USGS Volcano Hazards Program Volcano Update

HVO update page and observatory web site

Activity Summary: The eruption continued at two locations. The summit tiltmeter network recorded weak inflationary tilt and the summit lava-lake level rose a few more meters. At the middle east rift zone, the Pu`u `O`o tiltmeter recorded minor fluctuations while the vent continued feeding the Kahauale`a 2 lava flow which remained active and burning forest to the northeast. Gas emissions remained elevated.

Recent Observations at Kilauea summit: The summit tiltmeters recorded weak inflationary tilt and the lava-lake level continued rising to an estimated 35 m (115 ft) below the floor of Halema`uma`u by this morning. Gas emissions continued to be elevated: during the week of 01/01-01/07, the summit SO2 emission rate varied between 3,300 and 5,800 tonnes/day (see caveat below); however, no reliable emission rate measurements could be made over the past several weeks due to the absence of moderate trade-winds except for a few brief periods during which the emission rates were measured at values within the range of 1,000 to 6,000 t/d representing conditions of no spattering to spattering lake conditions. A small amount of ash-sized tephra (mostly fresh spatter bits and Pele's hair from the circulating lava lake) was carried out of the vent within the gas plume and deposited onto nearby surfaces.

Seismic tremor levels were low with two dropouts. Thirty-one earthquakes were strong enough to be located beneath Kilauea Volcano in the past 24 hours: 4 within the Ka`oiki Pali area, 10 seismic events scattered beneath the summit caldera, 1 within the southwest rift zone, 1 well to the northeast of the summit caldera (area of Volcano Village), 6 within the upper east rift zone, 1 within the middle east rift zone (near Pu`u `O`o), and 8 on the south flank faults. GPS receivers spanning the summit caldera recorded changes mimicking the recent tilt changes after recording more than 2 cm of extension since early December, 2013; the long-term, cross-caldera measurements indicate continued extension at a rate averaging 10 cm/yr (4 in/yr) since March, 2010.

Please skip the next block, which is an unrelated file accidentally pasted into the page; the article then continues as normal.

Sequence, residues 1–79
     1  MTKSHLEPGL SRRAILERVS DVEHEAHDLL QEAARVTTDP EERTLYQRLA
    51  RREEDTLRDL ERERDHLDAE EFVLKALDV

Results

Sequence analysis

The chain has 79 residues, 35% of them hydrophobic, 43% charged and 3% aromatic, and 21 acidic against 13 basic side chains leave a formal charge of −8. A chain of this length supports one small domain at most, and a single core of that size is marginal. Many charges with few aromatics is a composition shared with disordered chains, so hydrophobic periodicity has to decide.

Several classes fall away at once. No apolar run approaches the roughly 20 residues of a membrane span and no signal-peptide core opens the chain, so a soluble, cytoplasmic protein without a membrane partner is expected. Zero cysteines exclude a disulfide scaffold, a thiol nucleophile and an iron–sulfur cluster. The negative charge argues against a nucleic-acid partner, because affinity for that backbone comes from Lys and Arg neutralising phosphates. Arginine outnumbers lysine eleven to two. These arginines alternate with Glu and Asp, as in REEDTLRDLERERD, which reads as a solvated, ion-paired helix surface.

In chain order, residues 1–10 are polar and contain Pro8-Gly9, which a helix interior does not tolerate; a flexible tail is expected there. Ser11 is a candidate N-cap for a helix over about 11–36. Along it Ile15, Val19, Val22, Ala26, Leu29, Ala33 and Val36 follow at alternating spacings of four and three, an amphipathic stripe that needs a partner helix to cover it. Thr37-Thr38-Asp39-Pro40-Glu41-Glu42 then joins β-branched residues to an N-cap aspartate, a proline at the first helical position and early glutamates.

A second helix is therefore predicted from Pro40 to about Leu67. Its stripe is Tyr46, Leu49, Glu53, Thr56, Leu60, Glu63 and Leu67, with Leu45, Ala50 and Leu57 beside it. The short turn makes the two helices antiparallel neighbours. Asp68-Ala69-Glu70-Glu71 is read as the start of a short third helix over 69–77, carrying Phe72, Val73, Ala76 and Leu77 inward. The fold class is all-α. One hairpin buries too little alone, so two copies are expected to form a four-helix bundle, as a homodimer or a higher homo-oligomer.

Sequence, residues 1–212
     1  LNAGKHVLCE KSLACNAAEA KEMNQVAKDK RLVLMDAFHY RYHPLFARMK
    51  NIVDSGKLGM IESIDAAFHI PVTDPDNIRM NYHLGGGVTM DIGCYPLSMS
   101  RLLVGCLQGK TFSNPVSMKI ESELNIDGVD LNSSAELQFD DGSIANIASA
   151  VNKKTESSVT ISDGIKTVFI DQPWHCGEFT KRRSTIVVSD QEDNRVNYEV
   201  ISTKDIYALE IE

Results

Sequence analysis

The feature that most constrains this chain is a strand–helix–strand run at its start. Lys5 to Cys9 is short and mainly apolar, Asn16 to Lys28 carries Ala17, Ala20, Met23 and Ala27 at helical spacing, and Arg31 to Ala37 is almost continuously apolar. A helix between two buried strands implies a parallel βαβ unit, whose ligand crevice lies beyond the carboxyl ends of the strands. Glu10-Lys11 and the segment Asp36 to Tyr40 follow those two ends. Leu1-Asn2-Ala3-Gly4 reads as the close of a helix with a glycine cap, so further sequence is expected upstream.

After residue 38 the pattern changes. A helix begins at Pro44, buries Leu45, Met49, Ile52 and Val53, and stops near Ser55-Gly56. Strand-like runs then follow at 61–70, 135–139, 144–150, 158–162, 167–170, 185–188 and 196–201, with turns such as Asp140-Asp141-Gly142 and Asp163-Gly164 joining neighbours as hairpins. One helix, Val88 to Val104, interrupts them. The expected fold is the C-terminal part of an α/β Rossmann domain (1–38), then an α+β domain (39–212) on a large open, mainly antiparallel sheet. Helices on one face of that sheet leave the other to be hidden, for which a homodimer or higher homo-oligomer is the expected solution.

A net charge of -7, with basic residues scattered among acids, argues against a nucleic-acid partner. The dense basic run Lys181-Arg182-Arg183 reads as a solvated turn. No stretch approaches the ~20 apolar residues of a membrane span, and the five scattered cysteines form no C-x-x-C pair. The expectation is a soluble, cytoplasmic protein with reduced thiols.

Background: The summit lava lake is within a nearly-cylindrical vent cavity with a diameter of ~160 m (520 ft) and nearly vertical sides inset within the east wall and floor of Halema`uma`u Crater. Its level has varied from about 25 m to more than 200 m (out of sight) below the floor of Halema`uma`u Crater. The vent has been mostly active since opening with a small explosive event on March 19, 2008. The surface level of the lava lake has remained mostly below the inner ledge (~31 m or 100 ft below the floor of Halema`uma`u Crater on October 29, 2012) and has risen above and flooded the ledge in October 2012 and January 2013 before receding to greater depths. The lake level responds to summit tilt changes with the lake generally receding during deflation and rising during inflation.

Recent Observations at the middle east rift zone vents: The tiltmeter at Pu`u `O`o cone recorded minor fluctuations. The most recent sulfur-dioxide emission-rate measurement was 300 tonnes per day on January 29, 2014, from all east rift zone sources; emission rates typically ranged between 150 and 450 t/d since July 2012. GPS receivers on the north rim and south flank of Pu`u `O`o cone recorded fluctuations mimicking the tilt changes after recording about 2 cm of extension since mid-December 2013. The Pu`u `O`o eruption continued with no significant changes. Spatter cones on the floor of Pu`u `O`o crater displayed persistent glow with a small active lava pond within the collapsed northeast spatter cone (see images and video).